The Government’s new Planning Policy Framework
Up and down the country, groups of concerned citizens have formed protest groups, worked for many months to raise funds, hired specialist advice and lawyers, fought wind farm planning applications, and won, and opened the champagne. Then they’ve faced an appeal from the developers, and the man from Whitehall has listened to both sides of the case for a few hours, and then overturned the local democratic decision, and decided in favour of wind power, on the basis that it’s “Government Policy”. In fact, of course, it’s really Brussels policy passed down second-hand by our government.
Meantime there’s been a huge battle over the government’s revised and shortened Planning Policy, which many felt would be a license for developers. After much campaigning and a battle royal in the media, the government has come up with a still shorter document of fifty pages, which it says will reassure protesters. Many concerned with the wind farm issue hoped it would offer some good news. Perhaps more weight for local opinion — from this government that loves to talk about “localism”. Maybe tighter noise standards, or a minimum set-back from dwellings for new turbines.
If so, they will have been disappointed. Let me quote the key words from the document:
17. …. support the transition to a low carbon future in a changing climate, taking full account of flood risk and coastal change, and encourage the reuse of existing resources, including conversion of existing buildings, and encourage the use of renewable resources (for example, by the development of renewable energy);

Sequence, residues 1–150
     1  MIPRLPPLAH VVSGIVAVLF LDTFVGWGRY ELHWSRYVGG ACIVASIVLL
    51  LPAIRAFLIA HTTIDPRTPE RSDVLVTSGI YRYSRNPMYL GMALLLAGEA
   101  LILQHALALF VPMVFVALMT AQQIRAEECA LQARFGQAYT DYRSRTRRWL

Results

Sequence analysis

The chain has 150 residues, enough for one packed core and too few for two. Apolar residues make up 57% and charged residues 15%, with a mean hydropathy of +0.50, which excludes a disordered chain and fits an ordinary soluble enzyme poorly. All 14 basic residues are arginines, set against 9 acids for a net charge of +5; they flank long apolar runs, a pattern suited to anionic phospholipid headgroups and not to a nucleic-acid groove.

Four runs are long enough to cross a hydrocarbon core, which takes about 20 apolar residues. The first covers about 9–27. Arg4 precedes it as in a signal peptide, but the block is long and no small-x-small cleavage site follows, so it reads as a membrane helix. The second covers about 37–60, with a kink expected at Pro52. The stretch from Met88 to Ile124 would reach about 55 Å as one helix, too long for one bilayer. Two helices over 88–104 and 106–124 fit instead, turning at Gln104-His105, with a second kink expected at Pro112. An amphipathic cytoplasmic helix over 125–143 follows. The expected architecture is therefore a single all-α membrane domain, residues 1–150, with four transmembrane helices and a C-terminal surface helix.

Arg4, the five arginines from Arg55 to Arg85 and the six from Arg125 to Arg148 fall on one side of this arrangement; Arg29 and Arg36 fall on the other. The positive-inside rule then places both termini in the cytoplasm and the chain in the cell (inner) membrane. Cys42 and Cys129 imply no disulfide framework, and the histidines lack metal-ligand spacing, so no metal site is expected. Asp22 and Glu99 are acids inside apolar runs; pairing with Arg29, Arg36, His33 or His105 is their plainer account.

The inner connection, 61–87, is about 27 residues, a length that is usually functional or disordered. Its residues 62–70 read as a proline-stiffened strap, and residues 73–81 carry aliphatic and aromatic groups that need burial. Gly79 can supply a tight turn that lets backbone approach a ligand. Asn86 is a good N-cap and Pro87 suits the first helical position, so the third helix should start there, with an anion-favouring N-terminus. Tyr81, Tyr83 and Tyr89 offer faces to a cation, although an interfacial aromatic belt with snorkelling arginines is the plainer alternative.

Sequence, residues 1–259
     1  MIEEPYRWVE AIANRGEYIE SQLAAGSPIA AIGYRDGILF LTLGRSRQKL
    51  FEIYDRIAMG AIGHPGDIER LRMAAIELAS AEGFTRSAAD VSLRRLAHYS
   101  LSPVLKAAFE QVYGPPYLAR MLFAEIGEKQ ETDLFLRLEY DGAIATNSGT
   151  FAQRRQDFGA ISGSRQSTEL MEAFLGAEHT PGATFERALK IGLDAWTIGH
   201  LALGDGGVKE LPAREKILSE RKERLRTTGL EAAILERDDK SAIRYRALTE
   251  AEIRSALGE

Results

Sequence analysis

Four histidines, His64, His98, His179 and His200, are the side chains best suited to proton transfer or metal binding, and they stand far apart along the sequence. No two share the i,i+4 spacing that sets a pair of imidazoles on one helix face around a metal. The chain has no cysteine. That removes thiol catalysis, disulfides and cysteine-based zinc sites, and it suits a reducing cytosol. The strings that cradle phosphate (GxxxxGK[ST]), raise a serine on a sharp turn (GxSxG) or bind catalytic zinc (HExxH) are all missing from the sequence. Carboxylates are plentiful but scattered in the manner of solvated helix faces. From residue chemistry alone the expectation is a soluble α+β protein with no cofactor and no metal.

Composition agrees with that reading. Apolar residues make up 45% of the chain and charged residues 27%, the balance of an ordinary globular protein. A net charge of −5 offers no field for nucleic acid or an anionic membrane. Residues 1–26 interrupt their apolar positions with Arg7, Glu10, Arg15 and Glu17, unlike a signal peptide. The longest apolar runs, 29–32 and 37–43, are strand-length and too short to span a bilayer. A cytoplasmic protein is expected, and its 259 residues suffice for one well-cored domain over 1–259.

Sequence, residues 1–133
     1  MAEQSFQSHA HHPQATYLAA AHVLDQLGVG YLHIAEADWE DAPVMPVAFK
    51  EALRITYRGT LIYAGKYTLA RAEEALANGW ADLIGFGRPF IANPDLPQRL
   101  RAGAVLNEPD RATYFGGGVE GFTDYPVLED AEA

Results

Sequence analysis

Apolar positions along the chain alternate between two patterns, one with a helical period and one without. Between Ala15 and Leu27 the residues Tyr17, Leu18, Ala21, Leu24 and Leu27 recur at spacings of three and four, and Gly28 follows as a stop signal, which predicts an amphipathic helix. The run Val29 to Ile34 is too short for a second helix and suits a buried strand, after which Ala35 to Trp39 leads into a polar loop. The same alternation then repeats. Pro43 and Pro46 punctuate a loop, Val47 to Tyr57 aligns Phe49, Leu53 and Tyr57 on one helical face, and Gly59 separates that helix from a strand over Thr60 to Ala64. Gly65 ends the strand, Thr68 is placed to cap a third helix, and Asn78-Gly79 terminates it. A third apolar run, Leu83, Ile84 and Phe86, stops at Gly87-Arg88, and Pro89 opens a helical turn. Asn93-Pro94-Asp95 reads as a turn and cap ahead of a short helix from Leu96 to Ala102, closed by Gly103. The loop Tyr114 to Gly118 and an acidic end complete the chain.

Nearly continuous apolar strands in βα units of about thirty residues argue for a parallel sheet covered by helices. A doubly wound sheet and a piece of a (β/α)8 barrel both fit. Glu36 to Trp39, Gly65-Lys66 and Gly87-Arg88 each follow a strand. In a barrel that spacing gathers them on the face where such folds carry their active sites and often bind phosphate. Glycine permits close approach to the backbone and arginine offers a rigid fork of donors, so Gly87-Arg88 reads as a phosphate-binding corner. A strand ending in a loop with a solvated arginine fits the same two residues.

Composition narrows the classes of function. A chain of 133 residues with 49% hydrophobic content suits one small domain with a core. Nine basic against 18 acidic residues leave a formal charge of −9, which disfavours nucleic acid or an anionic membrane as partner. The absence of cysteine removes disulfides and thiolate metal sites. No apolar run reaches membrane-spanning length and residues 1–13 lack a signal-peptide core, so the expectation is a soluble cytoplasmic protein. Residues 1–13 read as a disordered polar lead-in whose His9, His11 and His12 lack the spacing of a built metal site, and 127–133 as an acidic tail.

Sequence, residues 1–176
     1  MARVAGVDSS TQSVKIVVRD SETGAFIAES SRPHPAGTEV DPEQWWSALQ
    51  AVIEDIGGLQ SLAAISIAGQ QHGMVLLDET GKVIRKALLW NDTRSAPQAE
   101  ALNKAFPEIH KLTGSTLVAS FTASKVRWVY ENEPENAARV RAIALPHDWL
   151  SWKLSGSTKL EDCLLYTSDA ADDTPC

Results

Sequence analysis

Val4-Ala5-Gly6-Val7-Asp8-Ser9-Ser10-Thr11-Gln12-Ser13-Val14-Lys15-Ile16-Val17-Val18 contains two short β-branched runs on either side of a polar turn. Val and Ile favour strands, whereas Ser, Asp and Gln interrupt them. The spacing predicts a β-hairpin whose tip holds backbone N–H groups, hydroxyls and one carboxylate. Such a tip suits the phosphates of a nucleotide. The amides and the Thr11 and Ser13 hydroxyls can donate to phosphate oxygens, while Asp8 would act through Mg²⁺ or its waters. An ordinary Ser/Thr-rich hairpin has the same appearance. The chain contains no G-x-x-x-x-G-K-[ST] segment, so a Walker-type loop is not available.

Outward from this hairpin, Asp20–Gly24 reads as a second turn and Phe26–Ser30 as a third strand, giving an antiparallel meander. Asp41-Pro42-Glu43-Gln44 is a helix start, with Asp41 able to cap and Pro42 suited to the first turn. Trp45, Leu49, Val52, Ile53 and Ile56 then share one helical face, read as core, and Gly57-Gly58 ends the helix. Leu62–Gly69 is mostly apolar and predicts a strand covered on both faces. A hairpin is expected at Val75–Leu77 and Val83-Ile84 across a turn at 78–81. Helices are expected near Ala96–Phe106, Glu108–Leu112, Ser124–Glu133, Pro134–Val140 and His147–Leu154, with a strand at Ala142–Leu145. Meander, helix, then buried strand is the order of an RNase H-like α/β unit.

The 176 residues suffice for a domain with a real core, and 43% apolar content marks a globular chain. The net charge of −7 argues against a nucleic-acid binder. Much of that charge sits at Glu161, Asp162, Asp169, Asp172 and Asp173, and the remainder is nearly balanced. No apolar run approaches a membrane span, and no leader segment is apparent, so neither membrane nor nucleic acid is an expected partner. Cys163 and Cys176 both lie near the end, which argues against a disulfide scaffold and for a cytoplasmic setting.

There is a series of paragraphs all in the same vein, effectively giving carte blanche to the developers, and cutting the ground from under protesters. So much for localism. See the Daily Mail report under the heading “Charter for Wind Farms”:
A key driver of this policy has been Greg Clark, “Minister for Planning”, who calls himself a Conservative, yet cut his teeth as a social-democrat and a disciple of Shirley Williams. An MP who has said that Tories are wrong to treat Churchill as a role model — saying we should rather follow Polly Toynbee, the extreme leftist. He is the kind of “Conservative” who convinced me that I could no longer support the Party.
Here at the United Kingdom Independence Party, we’re used to Conservatives coming across to join us because they’re fed up with lack of progress on the EU issue. But more and more we’re seeing Conservatives, and disgruntled wind farm protesters, coming over to us because they’re fed up with this government’s planning policies, and with the steady march of the turbines. They feel angry and frustrated. They feel that no one is listening, and no-body cares. But we’re listening. And as UKIP’s spokesman on Industry & Energy, I can say “We agree with you”.
The government has a single policy here which infuriates voters, blights local communities, drives up the price of electricity, forces energy-intensive businesses and jobs and investment off-shore, drives pensioners into fuel poverty, threatens economic recovery and jeopardises our energy security. Not very smart thinking. That’s what I’d call a lose-lose policy.